At the beginning of October 2013, there were reportedly 1.26 billion Facebook users worldwide. The number of Tweets sent per day is over 500 million. That’s a lot of communication happening every day! Importantly for researchers, it’s also being recorded, and because social media websites offer rich, naturally-occurring data, it’s no wonder researchers are increasingly turning to such websites to observe human behaviour, recruit participants, and interview online.
As technology constantly evolves, researchers must re-think their ethical practices. Existing guidelines could be adapted ad-hoc, but wouldn’t it be better to rethink the guidelines for this new paradigm? And what do social media users think about research that utilises social media? The work of the “New Social Media, New Social Science?” network in reviewing existing studies suggests that these questions have not yet been adequately answered.
In response, a group of NatCen researchers are soon to report data from a recent study on how social media users feel about their posts being used in research, and offer recommendations about how to approach ethical issues.
What do participants want?
A key ethical issue participants talked about was consent: participants wanted researchers to ask them before using their posts and information. Although it was acknowledged that “scraping” a large number of Tweets would pose practical problems for the researcher trying to gain consent, users would still like to be asked. Consent was seen as particularly important when the post contained sensitive or personal information (including photographs that pictured the user). An alternative view was that social media users shouldn’t expect researchers to gain consent because, by posting online, you automatically waive your right to ownership.
Participants’ views about consent were affected by other factors, including the platform being used. Twitter, for example, was seen as more public than Facebook so researchers wouldn’t necessarily need to ask for the user’s permission to incorporate a Tweet in a report.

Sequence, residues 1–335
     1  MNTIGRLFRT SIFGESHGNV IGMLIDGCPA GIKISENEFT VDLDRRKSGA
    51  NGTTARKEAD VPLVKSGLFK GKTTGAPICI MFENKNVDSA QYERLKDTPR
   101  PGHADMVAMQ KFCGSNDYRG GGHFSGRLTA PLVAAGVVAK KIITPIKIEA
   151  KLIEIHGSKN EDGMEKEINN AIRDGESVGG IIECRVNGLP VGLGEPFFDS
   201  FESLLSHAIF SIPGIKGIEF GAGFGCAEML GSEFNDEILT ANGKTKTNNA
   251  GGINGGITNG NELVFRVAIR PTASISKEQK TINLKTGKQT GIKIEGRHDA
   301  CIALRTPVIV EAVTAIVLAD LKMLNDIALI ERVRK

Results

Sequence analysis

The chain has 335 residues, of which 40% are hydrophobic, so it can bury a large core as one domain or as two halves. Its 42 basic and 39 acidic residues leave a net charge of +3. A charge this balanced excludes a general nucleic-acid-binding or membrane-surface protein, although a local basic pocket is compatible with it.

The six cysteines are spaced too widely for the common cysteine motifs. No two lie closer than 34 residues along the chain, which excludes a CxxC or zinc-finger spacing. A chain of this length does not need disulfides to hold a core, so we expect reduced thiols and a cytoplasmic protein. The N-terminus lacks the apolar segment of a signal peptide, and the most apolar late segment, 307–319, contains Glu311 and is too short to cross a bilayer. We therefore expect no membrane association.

Views about anonymity were less varied. Users felt anonymity should be afforded to all, especially if posts had been taken without consent. Users wanted to remain anonymous so that their posts wouldn’t be negatively judged, or because they were protecting identities they had developed in other contexts, such as at work.
Our participants were also concerned about the quality of information posted on social media. There was confusion about why researchers would want to use social media posts because participants felt that people didn’t always present a true reflection of themselves or their views. Participants noted, for example, how users post pictures of themselves drinking alcohol (which omits any mention of them having jobs or other, more serious things!), and that ”people either have more bravado, and ‘acting up’ which doesn’t reflect their real world self”. They expressed concern over this partial ‘self’ that can be presented on social media.
What does it mean?
Later this year, NatCen will publish a full report of our findings, so stay tuned! If you can’t wait, here’s a preview:
- Consider that users’ posts and profiles may not be a reflection of their offline personality but an online creation or redefinition;
- Even if users are not utilizing privacy settings they still might expect you to ask permission to use their post(s);
- Afford anonymity. Even if someone has let you know you can quote their username, you should learn how ‘traceable’ this is and let the user know (i.e. can you type their username into Google and be presented with a number of their social media profiles?). It’s our responsibility as researchers that the consent we get is informed consent.
Let us know at NatCen if you would like to receive an electronic copy of the report, or if you have any questions about the study.